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How to use: C-reactive protein
  1. S McWilliam,
  2. A Riordan
  1. Department of Paediatric Infectious Diseases, Alder Hey Children's NHS Foundation Trust, Liverpool, UK
  1. Correspondence to Dr Andrew Riordan, Alder Hey Children's NHS Foundation Trust, Eaton Road, Liverpool L12 2AP, UK; andrew.riordan{at}alderhey.nhs.uk

Abstract

C-reactive protein (CRP) is an acute-phase protein that increases 4–6 h after an inflammatory trigger and peaks at 36–50 h. Levels decrease rapidly with the resolution of inflammation. CRP is generally highly elevated in invasive bacterial infections and is often used as a marker of inflammation. A single CRP level is neither sensitive nor specific enough to identify all children with serious bacterial infection. However, a raised CRP does suggest serious bacterial infection and should suggest further assessment is needed. CRP levels that fail to decrease, or continue to rise, after 48 h of antibiotic therapy suggest treatment failure. In infants with suspected neonatal sepsis, two CRP measurements 24 h apart that are <10 mg/l are useful in excluding sepsis.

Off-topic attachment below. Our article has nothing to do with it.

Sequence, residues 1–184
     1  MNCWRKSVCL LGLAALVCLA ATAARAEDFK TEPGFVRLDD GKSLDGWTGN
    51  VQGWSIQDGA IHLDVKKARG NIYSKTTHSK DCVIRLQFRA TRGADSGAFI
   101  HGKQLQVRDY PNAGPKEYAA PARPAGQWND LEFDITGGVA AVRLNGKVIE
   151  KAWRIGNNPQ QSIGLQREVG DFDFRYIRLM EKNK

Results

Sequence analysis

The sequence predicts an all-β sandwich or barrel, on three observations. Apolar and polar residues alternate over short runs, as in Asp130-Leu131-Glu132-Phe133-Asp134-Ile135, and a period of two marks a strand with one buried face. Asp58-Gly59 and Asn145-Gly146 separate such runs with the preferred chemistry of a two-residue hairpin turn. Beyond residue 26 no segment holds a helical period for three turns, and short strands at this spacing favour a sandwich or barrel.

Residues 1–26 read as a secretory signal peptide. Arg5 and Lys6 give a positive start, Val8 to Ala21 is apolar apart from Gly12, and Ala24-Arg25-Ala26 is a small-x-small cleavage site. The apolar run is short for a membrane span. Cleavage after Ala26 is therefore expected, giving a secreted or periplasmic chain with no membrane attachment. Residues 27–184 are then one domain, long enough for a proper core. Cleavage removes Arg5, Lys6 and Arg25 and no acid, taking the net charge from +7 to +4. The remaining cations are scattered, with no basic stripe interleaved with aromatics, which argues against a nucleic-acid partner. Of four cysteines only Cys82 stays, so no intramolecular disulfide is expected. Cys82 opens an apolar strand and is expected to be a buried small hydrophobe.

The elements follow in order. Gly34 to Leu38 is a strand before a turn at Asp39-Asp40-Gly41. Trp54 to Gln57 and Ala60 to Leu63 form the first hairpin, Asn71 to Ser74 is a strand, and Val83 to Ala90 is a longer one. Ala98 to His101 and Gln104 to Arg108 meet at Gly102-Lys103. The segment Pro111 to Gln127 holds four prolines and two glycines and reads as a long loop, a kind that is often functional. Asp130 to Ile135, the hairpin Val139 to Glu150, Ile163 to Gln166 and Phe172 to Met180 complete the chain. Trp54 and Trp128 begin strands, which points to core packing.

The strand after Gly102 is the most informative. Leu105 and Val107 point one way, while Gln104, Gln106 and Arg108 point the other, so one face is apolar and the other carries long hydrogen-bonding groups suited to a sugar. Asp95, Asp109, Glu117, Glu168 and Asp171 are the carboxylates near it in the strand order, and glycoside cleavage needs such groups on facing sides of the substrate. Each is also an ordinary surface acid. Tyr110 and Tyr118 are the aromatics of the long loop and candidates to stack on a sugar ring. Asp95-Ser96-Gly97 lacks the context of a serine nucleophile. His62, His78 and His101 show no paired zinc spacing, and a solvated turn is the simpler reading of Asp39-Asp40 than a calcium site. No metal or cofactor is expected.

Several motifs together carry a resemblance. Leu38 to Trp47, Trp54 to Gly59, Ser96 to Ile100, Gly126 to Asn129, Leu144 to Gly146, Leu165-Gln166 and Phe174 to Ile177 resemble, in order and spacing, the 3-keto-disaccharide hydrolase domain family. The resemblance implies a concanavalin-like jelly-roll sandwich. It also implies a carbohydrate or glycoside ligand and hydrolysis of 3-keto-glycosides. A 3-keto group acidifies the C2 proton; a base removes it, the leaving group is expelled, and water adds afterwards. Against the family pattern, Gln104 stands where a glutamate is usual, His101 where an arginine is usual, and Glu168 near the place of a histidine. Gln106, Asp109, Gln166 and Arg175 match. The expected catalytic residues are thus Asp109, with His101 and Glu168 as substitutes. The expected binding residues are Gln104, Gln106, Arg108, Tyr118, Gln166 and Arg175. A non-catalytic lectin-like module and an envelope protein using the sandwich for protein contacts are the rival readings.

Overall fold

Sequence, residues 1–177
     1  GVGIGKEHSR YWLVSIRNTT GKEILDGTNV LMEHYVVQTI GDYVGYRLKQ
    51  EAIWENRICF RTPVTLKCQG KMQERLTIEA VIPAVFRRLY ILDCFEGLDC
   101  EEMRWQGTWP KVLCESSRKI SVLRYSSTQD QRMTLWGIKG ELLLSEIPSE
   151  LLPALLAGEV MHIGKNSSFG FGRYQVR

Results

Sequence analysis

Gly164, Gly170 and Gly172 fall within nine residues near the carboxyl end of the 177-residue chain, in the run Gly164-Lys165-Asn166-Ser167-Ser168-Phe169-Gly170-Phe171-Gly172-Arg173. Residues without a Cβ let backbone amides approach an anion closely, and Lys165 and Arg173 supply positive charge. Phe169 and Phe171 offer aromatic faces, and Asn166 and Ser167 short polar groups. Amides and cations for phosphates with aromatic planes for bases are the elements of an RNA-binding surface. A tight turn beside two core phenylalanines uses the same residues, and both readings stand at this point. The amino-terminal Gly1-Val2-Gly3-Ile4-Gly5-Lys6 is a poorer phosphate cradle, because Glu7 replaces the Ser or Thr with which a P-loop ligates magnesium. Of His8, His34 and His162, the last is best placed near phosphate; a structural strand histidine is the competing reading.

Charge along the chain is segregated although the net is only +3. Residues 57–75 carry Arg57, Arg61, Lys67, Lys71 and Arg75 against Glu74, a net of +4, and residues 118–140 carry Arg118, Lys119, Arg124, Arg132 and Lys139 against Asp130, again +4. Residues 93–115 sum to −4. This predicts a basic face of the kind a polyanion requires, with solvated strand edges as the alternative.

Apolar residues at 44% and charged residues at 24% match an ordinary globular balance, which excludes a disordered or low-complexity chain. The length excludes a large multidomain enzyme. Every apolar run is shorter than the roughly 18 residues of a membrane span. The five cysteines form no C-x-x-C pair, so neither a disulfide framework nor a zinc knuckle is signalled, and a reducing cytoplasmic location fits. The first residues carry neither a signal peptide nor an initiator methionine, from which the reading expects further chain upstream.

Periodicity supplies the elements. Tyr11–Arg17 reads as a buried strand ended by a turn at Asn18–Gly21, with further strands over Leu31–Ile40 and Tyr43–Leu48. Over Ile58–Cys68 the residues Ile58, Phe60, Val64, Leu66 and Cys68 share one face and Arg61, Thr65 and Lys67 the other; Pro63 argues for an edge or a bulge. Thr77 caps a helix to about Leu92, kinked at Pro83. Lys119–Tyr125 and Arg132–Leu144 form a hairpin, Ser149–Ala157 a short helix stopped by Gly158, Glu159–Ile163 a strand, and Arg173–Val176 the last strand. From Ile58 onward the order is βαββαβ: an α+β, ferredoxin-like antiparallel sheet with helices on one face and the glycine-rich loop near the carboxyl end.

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Footnotes

  • Competing interests None.

  • Provenance and peer review Commissioned; externally peer reviewed.

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